We were encouraged this week to hear Ontario’s Solicitor General and Minister for Community Safety and Correctional Services announce plans to regulate police street checks across Ontario.
The Minister was clear about what he wants: “to prevent unjustifiable police stops for no reason or without cause”. HOW to do this will be the difficult part – but ending “unjustifiable police stops” that amount to racial profiling is our goal.
The announcement follows Mayor Tory’s important step towards respecting the human rights of Toronto’s Black and other racialized communities, and restoring trust.
There is no doubt, as Chief Saunders has suggested, that there are different views on what constitutes “carding.” The OHRC understands carding to mean what the Solicitor General says he wants to end: the police practice of stopping and questioning a person and recording information about them unconnected to any specific traffic violation, criminal investigation or specific suspect description.
Arbitrary police street checks aggravate the larger, well-identified problem of racial profiling. Racial profiling happens in a variety of police interactions, whether or not a “Community Safety Note” or “card” is created or entered into a database.
As we have said before, in our view, to eliminate racial profiling in police street checks, the Board and the Service must:
- Guide and limit officer discretion to stop and question people
- Require that officers tell the people they stop about their right to leave and not answer questions, as much as possible in the circumstances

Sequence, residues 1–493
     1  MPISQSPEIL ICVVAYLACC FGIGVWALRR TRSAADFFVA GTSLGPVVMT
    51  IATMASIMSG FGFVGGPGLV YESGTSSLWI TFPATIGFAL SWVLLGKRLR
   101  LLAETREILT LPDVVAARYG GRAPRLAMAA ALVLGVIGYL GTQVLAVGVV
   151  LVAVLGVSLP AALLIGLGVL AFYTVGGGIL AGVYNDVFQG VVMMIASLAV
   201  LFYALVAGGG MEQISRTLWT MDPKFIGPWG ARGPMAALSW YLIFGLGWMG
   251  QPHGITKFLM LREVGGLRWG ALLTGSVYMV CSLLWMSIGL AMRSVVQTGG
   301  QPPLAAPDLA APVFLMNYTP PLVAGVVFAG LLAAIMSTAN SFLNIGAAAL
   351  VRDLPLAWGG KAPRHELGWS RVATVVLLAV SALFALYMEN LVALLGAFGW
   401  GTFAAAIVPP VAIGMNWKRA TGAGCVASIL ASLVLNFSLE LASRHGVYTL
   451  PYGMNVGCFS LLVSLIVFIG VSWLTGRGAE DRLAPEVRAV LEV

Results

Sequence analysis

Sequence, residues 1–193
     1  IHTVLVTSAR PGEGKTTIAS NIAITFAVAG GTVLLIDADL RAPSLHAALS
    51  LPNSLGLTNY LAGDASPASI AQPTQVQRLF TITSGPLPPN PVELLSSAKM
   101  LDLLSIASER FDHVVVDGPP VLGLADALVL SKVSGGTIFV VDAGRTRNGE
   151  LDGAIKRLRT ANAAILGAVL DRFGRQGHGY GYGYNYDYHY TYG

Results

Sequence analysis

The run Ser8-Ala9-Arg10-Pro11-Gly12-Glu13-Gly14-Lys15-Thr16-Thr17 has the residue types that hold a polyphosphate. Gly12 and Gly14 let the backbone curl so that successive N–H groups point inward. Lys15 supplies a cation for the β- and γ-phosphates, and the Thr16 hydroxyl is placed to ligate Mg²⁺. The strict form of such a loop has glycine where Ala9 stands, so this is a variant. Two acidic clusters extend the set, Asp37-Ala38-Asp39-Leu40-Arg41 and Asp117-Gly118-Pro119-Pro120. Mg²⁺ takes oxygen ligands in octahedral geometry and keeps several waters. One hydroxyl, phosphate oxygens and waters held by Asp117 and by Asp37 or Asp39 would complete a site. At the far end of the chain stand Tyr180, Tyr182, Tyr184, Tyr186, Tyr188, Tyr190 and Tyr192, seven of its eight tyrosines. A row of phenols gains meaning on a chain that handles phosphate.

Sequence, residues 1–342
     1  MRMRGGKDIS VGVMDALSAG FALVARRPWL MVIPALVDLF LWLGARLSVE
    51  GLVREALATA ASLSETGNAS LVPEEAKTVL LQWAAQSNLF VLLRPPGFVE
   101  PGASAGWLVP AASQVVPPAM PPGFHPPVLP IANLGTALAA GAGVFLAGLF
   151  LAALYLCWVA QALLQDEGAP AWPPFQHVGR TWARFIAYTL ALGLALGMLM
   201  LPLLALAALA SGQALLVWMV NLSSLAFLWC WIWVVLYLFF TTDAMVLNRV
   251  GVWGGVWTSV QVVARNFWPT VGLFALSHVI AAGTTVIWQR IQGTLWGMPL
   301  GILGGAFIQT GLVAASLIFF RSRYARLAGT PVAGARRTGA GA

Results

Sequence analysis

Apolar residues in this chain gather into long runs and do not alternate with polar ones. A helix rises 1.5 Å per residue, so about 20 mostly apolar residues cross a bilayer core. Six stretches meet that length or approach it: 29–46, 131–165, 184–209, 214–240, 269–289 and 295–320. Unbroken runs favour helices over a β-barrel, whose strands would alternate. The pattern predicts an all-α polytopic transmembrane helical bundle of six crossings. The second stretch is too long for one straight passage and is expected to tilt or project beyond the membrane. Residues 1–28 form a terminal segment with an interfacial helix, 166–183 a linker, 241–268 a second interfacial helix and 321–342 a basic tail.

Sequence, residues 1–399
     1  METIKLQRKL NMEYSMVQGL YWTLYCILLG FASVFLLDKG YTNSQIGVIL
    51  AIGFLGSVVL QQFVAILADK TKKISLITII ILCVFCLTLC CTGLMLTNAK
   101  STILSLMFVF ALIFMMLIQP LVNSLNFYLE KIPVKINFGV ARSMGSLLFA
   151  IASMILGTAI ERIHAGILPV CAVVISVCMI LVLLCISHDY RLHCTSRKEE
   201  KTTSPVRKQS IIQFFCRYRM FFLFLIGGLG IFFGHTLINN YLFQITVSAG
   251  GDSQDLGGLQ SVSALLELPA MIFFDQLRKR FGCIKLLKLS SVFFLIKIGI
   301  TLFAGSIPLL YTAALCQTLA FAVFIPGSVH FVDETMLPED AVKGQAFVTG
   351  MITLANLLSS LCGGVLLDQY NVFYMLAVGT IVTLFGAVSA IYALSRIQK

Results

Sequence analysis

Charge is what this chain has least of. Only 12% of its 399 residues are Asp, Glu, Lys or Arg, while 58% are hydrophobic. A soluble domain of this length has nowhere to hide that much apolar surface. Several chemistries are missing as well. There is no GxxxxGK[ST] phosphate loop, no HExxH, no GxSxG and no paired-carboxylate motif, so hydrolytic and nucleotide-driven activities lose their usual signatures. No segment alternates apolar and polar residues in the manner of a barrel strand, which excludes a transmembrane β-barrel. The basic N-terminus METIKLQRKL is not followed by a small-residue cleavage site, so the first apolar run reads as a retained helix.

- Demonstrate effective monitoring and accountability including race-based data collection for the purpose of identifying racial bias not for intelligence purposes
- Provide transparency through receipts; and
- Immediately purge carding intelligence data, already collected, that lacks a non-discriminatory explanation.
Mayor Tory has said “we have to go right back to the beginning” and start with a “blank slate.” In the OHRC’s opinion this is not necessary. A lot of good work has already been done by members of the Board, community and advocacy groups towards identifying issues that will eliminate carding in policing.
Moving forward, it is time to capitalize on that critical work and focus on ending racial profiling.
What is needed now is a comprehensive and transparent strategy that includes:
- Creating and putting into action a clear Board policy and Service procedure specific to racial profiling in all police activities and which provides sufficient guidance
- Effective training that clearly reinforces this Board policy and service procedure
- Partnerships with community groups
- Race-based data collection related to all relevant police activities to monitor for individual and systemic racial bias, and
- Accountability mechanisms that include penalties, up to and including dismissal, when officer behaviour is consistent with racial profiling.
The Toronto Police Services Board must set the framework by creating a specific racial profiling policy that builds on the work of the past. It is clear, however, that, ultimately, the responsibility on the ground for protecting Charter and Code rights belongs to the Toronto Police Service.
Minister Naqvi has announced his plans to address arbitrary police checks province wide, but the Toronto Police Service and Police Services Board must not wait.
The community has spoken with one voice. Racial profiling in policing must end now.